I believe the three most important documents a person needs are a will, a financial power of attorney and a health care power of attorney (or a patient advocate designation). These three documents are the building blocks toward a solid estate plan and peace of mind. With them you are able to designate who you wish to be responsible for your well being in the case you become incapacitated and/or who should receive the property in your estate.
If you die without a will, the State of Michigan has a plan already in place for you. It’s called the Laws of Intestacy Succession. Google it to see how it works. You won’t like it. Actually you’ll be dead — it’s your family that won’t like it.
But if you have the audacity of not dying and just become incapacitated, it’s a whole different ball game.
Recently I saw firsthand why powers of attorney are so very important.
I am not an attorney and never give legal advice to any client — but in my due diligence I ask about these issues. If the client has not taken any steps to protect themselves, I refer them to an attorney who can assist them in drafting the documents to their specifications and needs.
Recently I got a call from the son of a long-time client asking if I had any copies of his father’s powers of attorney (his mom passed away two years ago). I checked their file and told him no. But while thumbing through, I found a notation that I had referred them to an estate planning attorney about five years ago.
He called the attorney’s office only to find out that his parents had been there but hadn’t moved forward with the attorney’s suggestions. The son said he had tried for several years to talk to his dad about these issues and he refused to discuss it. Now his father was suffering from Alzheimer’s and wasn’t able to communicate on a level where he was able to make his wishes known.
The son had to hire the same attorney to represent him in in front of the probate court and request he be appointed his father’s guardian and conservator. Although the court did appoint him, it could have refused and appointed someone else if it deemed him unfit. Now the son is legally bound to the Michigan probate court to provide yearly records regarding his father’s well being and how his finances were handled.
Just like having two powers of attorney, guardianship and conservatorship have separate functions. Guardians are concerned with the person and his or her well-being. A conservator is empowered to handle an individual's financial matters and make decisions about property and assets owned by an incapacitated person.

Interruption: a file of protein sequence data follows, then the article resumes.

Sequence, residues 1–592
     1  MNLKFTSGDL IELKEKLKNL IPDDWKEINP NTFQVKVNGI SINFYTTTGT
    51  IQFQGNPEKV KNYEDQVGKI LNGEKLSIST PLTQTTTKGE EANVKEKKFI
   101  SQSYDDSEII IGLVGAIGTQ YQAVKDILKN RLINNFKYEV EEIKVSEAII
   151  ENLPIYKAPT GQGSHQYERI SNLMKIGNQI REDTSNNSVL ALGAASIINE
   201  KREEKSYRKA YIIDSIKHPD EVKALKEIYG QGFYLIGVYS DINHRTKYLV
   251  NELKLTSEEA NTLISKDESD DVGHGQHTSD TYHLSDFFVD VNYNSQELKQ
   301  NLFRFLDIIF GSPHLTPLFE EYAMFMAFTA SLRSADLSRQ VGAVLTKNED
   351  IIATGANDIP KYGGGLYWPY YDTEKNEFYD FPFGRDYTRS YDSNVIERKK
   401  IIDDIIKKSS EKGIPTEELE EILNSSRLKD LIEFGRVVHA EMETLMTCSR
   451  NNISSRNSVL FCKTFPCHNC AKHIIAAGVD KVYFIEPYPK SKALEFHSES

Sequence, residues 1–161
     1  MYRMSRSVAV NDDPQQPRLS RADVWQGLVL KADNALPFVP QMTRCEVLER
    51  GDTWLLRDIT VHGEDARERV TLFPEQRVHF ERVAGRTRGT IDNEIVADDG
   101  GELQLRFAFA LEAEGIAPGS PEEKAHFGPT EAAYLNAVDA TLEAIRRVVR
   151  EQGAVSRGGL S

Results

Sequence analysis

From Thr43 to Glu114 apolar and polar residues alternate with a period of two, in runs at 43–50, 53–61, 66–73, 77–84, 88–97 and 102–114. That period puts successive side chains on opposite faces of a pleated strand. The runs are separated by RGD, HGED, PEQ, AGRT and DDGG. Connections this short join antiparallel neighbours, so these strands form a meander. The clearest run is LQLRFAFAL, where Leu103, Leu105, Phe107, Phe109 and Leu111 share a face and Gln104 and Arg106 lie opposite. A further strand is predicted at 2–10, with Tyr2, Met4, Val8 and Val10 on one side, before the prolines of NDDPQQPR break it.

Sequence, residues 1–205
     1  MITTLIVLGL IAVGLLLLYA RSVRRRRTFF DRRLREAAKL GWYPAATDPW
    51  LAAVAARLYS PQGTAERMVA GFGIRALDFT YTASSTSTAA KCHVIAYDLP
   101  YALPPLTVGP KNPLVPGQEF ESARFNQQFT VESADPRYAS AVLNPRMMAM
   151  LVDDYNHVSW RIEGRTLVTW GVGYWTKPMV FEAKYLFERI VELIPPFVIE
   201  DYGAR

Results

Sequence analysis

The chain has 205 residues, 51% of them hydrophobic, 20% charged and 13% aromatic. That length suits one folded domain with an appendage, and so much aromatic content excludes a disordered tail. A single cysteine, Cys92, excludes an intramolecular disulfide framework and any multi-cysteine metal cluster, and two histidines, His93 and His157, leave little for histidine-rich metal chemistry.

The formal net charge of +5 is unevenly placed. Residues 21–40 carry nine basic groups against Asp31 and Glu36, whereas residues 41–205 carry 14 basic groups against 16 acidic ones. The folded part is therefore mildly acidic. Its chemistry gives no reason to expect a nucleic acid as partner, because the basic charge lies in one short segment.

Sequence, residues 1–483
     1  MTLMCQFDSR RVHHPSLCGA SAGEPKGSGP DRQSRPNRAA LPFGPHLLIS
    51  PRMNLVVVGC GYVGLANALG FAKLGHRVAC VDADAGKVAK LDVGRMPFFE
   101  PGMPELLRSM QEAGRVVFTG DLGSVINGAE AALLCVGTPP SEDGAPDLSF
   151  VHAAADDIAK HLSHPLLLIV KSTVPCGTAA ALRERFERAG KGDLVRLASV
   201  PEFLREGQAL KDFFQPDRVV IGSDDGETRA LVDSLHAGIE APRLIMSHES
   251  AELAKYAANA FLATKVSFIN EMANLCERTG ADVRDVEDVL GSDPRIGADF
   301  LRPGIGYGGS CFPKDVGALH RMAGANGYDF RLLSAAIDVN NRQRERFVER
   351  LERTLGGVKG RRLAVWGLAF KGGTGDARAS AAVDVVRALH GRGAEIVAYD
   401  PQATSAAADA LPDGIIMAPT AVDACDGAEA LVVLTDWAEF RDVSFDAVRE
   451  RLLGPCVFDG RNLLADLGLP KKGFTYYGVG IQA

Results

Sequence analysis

Here’s the most important aspect of powers of attorney versus guardianship and conservatorship: Powers of attorney are granted by you to someone you trust — unlike guardianship and conservatorship, which are imposed upon you by others. It's serious stuff. With guardianship and conservatorship, you have all your legal rights taken away and handed over to another person by the court. Without your knowledge or consent.
I’m not suggesting that it’s not a good idea to have someone looking over your shoulder when you're responsible for someone else’s welfare — but there’s a difference when you’re under the court’s direction. But by taking some solid steps you can prevent the situation my client and his son now are facing.
The first step is to figure out what you want to happen if and when you can no longer care for yourself. Second, talk to your loved ones about your wishes. Then get it down on paper. Now take that paper to an attorney who specializes in estate and elder law to draw up the needed documents. Sign the papers, give a copy to your family and relax, knowing your wishes will be taken care of.
A will and powers of attorney are an easy route to peace of mind.
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Fred L. Goldenberg is a Certified Senior Advisor (CSA) and the owner of Senior Benefit Solutions, LLC, a financial services and certified health insurance organization in Traverse City. Questions or comments about this column or interest in our monthly Medicare classes can be directed to (231) 922-1010 or email@example.com.